By Michael Atkinson
[Photo: “Comedy of Power,” Kino, 2006]
Like it or not, we’re coming up on the 50th anniversary of the French New Wave which, we should not be allowed to forget, will always be to film culture roughly what the Age of Enlightenment was to Western thought. Or what movable type was to public literacy. Or what “The Origin of Species” was to biology: a volcanic epiphany, a revolution. This was when the world realized that movies no longer needed to be manufactured by industries but could instead be made by individuals, rebels, idiosyncrats, with more mobile postwar equipment and on-location chutzpah. Chaplin and “Citizen Kane” notwithstanding, this was when, suddenly, movies could be art, made by self-expressive artists (not craftsmen or entertainers) who didn’t require guidance or approval from corporations or governments.
That’s how the story goes, and even if it’s only partially true (most of the New Wavers turned pro dealmakers very quickly), the films are still with us, all prickly and moody and discombobulating, and most of the moviemakers are still hard at play in the fields of cinema. Godard, Rivette, Rohmer, Varda and Resnais are still productive, though none of these gray lions rivals Claude Chabrol for energy and volume of output he’s made 25 features in the last quarter-century alone, and only about half of them have seen the inside of American movie theaters. Chabrol looms so unpretentiously large that his movies succeed or fail entirely in Chabrolian terms is it prime Chabrol, or just average Chabrol?
The true French heir to both Hitchcock and Lang, Chabrol has famously been all about crime its motivations, its fallout, its ripple-effects and ironies. His newest film, 2006’s “Comedy of Power,” is a crime drama of an eccentrically offbeat variety. Fictionalizing the notorious corporate-scandal “Elf Affair” that sent scores of corrupt French CEOs and oil execs to prison in 2003, Chabrol casually stretches in the sun of a legal procedural that typically has less to do with facts than character and social intercourse. Like Enron writ even larger, the case had all to do with mountains of absconded public money, and yet would probably still wilt the interest of any other filmmaker (or screenwriter in this case, frequent Chabrol collaborator Odile Barski). But as usual, Chabrol views the situation from an unlikely personal perspective: through the prickly, confrontational eyes of Isabelle Huppert as the chief investigating judge, who takes no greater delight in her work than when she can corner a rich man and maker him sputter in horrified rage. Huppert, 53 herself and as vibrant a force as ever, sauces up the movie so indelibly that Comedy of Power evolves into a post-feminist character study don’t expect suspenseful machinations or unrealistic courtroom shenanigans. It’s all about the people, and Huppert’s workaholic avenging angel, dangerously underfed and self-amused, is fabulously, pathologically invulnerable even as the murder threats pour in. Therein lies the woman’s charm, and Huppert’s star power. Released as well: Chabrol and Huppert’s first work together, the true-crime teenage-sociopath daydream “Violette” (1978).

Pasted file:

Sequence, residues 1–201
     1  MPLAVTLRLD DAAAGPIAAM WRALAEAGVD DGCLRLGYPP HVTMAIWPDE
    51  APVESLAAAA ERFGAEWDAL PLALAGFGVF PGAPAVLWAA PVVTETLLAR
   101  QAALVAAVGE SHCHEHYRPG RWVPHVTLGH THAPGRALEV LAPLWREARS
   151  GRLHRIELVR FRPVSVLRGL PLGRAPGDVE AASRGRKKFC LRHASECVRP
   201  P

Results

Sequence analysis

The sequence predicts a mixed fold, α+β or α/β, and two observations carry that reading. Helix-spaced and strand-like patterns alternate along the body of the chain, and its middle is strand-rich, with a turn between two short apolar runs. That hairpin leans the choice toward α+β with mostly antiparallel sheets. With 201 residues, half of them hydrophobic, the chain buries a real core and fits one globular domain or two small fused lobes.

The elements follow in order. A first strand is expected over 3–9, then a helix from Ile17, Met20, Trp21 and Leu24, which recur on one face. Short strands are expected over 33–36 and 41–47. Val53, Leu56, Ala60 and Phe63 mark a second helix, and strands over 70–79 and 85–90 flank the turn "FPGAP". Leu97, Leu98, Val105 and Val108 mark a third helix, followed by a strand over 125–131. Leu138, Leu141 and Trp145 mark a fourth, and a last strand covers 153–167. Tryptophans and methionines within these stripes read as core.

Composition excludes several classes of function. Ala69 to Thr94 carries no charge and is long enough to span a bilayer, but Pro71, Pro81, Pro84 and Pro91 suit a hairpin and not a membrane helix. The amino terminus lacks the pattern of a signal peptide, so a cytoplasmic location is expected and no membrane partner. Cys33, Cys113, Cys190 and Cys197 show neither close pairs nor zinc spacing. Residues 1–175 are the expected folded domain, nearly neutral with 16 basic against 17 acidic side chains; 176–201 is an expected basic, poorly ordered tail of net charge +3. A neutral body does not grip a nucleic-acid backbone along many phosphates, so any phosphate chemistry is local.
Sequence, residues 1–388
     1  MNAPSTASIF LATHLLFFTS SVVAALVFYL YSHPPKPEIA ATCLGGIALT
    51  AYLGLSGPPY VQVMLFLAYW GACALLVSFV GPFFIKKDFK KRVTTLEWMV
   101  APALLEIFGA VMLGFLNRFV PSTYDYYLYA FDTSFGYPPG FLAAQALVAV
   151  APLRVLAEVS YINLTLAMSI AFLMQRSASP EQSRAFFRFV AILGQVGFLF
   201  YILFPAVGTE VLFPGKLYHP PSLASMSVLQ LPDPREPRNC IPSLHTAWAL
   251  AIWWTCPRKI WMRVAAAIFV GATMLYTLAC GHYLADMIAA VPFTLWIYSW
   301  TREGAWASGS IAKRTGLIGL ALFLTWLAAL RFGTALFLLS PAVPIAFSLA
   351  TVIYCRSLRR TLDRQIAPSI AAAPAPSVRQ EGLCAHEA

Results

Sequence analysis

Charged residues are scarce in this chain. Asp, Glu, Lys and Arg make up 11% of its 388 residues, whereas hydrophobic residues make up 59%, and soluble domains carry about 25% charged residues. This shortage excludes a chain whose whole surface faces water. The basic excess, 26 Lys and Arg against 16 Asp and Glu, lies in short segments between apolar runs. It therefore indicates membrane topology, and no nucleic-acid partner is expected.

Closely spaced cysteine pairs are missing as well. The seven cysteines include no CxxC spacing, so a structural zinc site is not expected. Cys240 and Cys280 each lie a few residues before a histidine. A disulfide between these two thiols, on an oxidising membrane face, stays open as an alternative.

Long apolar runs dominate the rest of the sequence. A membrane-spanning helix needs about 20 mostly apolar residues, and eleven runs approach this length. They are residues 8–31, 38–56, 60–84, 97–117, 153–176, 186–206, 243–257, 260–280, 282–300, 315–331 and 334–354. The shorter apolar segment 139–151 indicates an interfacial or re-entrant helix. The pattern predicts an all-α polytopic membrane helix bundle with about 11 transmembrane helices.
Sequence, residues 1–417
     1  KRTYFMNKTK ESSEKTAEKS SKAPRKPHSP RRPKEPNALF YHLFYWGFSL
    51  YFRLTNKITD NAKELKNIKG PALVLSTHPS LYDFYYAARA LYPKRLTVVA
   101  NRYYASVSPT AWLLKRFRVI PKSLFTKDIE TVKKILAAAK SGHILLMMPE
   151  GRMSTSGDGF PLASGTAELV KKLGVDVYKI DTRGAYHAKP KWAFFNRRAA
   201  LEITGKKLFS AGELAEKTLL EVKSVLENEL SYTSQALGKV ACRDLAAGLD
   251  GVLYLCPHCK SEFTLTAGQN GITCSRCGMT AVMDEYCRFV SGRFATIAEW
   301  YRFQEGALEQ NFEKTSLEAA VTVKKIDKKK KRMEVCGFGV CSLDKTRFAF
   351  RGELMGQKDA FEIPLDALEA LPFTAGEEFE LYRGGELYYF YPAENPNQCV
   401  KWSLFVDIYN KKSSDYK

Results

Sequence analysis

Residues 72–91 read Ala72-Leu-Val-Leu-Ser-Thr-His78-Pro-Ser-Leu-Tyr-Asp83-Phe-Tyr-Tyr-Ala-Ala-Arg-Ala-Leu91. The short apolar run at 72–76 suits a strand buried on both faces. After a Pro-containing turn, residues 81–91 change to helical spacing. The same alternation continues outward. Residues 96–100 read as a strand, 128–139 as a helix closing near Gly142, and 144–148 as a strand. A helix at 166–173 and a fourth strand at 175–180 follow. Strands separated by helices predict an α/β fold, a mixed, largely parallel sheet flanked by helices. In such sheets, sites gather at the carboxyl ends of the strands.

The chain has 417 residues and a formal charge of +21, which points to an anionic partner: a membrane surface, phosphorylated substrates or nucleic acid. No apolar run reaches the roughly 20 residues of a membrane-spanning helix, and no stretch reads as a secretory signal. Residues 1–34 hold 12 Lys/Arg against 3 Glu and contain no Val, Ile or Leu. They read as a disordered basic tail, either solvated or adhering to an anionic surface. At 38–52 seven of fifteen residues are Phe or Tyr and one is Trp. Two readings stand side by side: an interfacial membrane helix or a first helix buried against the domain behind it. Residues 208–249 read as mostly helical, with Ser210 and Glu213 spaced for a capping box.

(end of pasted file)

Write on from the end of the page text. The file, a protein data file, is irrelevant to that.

From another New Wave planet specifically, the era of Brazil’s “Cinema Novo” comes Nelson Pereira dos Santos’ “How Tasty Was My Little Frenchman” (1971), notorious as the first and possibly the only film ever made about cannibals that, insofar as it takes sides, soberly favors the moral system of the flesh-eaters over their colonial victims. Naturally, it’s a comedy. Herzogian in its realism (a year before “Aguirre, the Wrath of God”), Pereira dos Santos’ movie is shot like a tropical documentary, but it’s set in the 1500s, when the French and the Belgians (among other European forces) were vying for dominance in native-rich South America, pitting tribes against one another and scamming them all for plundered natural resources. The story trails after a pallid Frenchman (Arduíno Colasanti) who after being mistaken for a Belgian (the indignity!) is captured by a cannibal tribe and set up for an honorary eight-month life of happy citizenry in their ranks (complete with wife). After his allotted time is up, he will be ritualistically slaughtered and eaten unless he can figure a way out beforehand. The filmmaker is less interested in dramatics or empathy than in the avalanche of ironies that attend the situation, sprinkling in title-card commentary from European witnesses from the time, and even having the white man’s lovely, all-nude whip of a wife (the astonishing Ana Maria Magalhães, who went on to be a major, award-winning force in Brazilian cinema, both in front of and behind the camera) seduce him at one point with a long, sexy monologue about exactly how he’ll be killed and eaten. Colonialism is the target, and it’s such a monstrous sitting duck that the film barely has to lift a finger to make a mockery of all things old-school European. Taken just on a political level, “How Tasty” is one of sharpest satires of colonial history ever made, especially since it’s sourced out from the exploited culture’s sensibility. The New Yorker disc comes with plenty of sociopolitical exegesis a lengthy essay by Portugese historian and Indiana University prof Darlene Sadlier, intro by Columbia prof/Lincoln Center programmer Richard Peña, and an interview with contemporary tribal spokesman Ailton Krenak just in case you think the film itself looks cut-and-dried.
“Comedy of Power” (Koch Lorber) and “How Tasty Was My Little Frenchman” (New Yorker) will be available on DVD on May 8th.